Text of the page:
# sum over permutations equals zero?

The question we are considering concerns a sum over all permutation $\sigma \in S_n$ (symmetric group) of a certain rational function:

$$\sum_{\sigma \in S_n} \frac{\sigma_{j1} \sigma_{j2}... \sigma_{jk}}{\prod_{i=1}^{n-1} (\sigma_i - \sigma_{i+1})} \stackrel{?}{=} 0,$$ with $k < n-1$ and $jm \in \{1,2,...,n\} \ \forall m \in \{1,..,k\}$.

It is easy to see that the sum is equal to zero if there is a constant in the numerator by adding a term in the denominator, such that it becomes invariant under cyclic permutations, i.e.$$\sum_{\sigma \in S_n} \frac{1}{\prod_{i=1}^{n-1} (\sigma_i - \sigma_{i+1})} = \sum_{\sigma \in S_n} \frac{(\sigma_n - \sigma_{1})}{\prod_{i=1}^{n-1} (\sigma_i - \sigma_{i+1}) (\sigma_n - \sigma_{1})} = 0 \, .$$ The question is whether this sum is still zero if we include the product of at most $n-2$ elements of the form $\sigma_{jm}$. The sum is unequal to zero for $k > n-2$.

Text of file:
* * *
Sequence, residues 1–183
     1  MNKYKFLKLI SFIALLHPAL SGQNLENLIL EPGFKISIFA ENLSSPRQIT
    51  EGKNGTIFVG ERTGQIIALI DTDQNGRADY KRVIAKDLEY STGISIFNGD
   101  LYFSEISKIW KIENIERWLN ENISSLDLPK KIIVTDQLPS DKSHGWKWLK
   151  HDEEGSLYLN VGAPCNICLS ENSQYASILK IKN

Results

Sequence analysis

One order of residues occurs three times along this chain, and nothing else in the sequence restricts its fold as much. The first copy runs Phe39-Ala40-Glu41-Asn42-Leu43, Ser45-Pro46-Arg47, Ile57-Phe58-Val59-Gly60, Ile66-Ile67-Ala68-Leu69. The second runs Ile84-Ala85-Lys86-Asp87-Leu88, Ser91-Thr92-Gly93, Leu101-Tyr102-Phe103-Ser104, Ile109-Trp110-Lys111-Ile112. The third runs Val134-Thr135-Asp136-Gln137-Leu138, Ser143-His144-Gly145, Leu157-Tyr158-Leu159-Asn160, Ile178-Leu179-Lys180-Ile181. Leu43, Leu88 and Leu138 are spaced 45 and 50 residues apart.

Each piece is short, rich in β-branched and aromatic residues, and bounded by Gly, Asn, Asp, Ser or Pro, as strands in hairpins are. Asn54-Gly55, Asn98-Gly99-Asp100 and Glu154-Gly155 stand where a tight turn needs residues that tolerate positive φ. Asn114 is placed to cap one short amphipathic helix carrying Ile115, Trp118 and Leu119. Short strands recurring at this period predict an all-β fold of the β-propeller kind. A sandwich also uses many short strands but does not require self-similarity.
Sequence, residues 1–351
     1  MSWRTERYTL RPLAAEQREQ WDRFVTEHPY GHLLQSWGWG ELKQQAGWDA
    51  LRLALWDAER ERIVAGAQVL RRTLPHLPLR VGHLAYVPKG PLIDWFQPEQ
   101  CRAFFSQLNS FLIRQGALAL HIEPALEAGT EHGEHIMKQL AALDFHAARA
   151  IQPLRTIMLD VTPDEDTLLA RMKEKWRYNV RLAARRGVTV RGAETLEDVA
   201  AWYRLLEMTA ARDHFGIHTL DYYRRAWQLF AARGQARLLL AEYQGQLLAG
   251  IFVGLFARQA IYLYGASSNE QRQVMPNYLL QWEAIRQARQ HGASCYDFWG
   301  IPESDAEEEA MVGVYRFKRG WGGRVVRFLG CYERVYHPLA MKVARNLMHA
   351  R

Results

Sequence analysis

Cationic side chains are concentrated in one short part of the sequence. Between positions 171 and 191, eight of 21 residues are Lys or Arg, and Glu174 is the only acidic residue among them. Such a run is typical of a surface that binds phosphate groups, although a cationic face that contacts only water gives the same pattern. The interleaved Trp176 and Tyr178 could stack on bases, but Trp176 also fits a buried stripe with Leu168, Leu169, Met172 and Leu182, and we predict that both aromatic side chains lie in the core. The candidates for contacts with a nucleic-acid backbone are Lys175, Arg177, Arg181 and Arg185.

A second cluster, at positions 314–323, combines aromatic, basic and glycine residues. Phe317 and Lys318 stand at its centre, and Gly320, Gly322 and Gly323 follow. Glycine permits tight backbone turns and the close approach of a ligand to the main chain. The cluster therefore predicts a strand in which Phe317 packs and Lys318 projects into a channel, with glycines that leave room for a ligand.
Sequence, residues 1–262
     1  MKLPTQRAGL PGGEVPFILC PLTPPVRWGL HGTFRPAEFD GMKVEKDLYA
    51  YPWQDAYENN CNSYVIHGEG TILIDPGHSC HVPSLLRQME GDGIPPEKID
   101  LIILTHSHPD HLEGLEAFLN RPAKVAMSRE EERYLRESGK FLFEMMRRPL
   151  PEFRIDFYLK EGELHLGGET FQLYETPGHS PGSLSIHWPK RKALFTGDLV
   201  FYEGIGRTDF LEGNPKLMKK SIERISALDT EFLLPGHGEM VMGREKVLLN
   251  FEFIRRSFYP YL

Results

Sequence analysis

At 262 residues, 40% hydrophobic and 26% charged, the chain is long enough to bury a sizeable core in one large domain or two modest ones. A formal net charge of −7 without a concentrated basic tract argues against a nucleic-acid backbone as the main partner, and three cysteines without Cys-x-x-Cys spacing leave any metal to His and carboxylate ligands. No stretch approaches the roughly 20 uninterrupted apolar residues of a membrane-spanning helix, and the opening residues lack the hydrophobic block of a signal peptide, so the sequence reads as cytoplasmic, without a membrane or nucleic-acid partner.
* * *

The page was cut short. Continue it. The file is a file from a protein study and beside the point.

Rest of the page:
• $jm$ being a way to say $j_m$, or an actual product? Aug 25, 2016 at 21:01
• sorry for confusion, it should be $j_m$. Aug 26, 2016 at 7:43

Yes, it equals to 0 if $k<n-1$. Actually it is always a polynomial in $\sigma$'s (any singularity $\sigma_m-\sigma_k$ in the denominator cancels out when we couple summands in appropriate way). It's degree is (at most) $k-n+1$, thus the result.